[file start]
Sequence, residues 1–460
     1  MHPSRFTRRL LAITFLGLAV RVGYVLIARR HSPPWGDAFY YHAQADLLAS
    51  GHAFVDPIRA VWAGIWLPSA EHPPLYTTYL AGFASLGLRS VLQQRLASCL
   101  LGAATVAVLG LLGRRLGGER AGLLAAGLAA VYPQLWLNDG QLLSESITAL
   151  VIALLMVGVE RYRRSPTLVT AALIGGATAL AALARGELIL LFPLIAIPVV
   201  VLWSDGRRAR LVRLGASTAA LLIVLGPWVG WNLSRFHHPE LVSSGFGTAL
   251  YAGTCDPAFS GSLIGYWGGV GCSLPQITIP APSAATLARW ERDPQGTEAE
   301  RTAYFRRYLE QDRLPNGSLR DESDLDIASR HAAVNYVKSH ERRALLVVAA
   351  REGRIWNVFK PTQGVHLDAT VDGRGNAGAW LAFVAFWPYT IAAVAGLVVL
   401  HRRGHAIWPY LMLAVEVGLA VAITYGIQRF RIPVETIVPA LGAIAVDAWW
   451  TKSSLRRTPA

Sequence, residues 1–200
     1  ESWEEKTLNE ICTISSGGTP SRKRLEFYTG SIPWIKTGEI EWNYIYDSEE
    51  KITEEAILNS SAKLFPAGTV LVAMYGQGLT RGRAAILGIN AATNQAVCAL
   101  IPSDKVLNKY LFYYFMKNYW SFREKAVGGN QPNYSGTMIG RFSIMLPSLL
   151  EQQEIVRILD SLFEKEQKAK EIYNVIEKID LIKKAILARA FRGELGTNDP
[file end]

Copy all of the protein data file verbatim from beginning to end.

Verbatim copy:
Sequence, residues 1–460
     1  MHPSRFTRRL LAITFLGLAV RVGYVLIARR HSPPWGDAFY YHAQADLLAS
    51  GHAFVDPIRA VWAGIWLPSA EHPPLYTTYL AGFASLGLRS VLQQRLASCL
   101  LGAATVAVLG LLGRRLGGER AGLLAAGLAA VYPQLWLNDG QLLSESITAL
   151  VIALLMVGVE RYRRSPTLVT AALIGGATAL AALARGELIL LFPLIAIPVV
   201  VLWSDGRRAR LVRLGASTAA LLIVLGPWVG WNLSRFHHPE LVSSGFGTAL
   251  YAGTCDPAFS GSLIGYWGGV GCSLPQITIP APSAATLARW ERDPQGTEAE
   301  RTAYFRRYLE QDRLPNGSLR DESDLDIASR HAAVNYVKSH ERRALLVVAA
   351  REGRIWNVFK PTQGVHLDAT VDGRGNAGAW LAFVAFWPYT IAAVAGLVVL
   401  HRRGHAIWPY LMLAVEVGLA VAITYGIQRF RIPVETIVPA LGAIAVDAWW
   451  TKSSLRRTPA

Sequence, residues 1–200
     1  ESWEEKTLNE ICTISSGGTP SRKRLEFYTG SIPWIKTGEI EWNYIYDSEE
    51  KITEEAILNS SAKLFPAGTV LVAMYGQGLT RGRAAILGIN AATNQAVCAL
   101  IPSDKVLNKY LFYYFMKNYW SFREKAVGGN QPNYSGTMIG RFSIMLPSLL
   151  EQQEIVRILD SLFEKEQKAK EIYNVIEKID LIKKAILARA FRGELGTNDP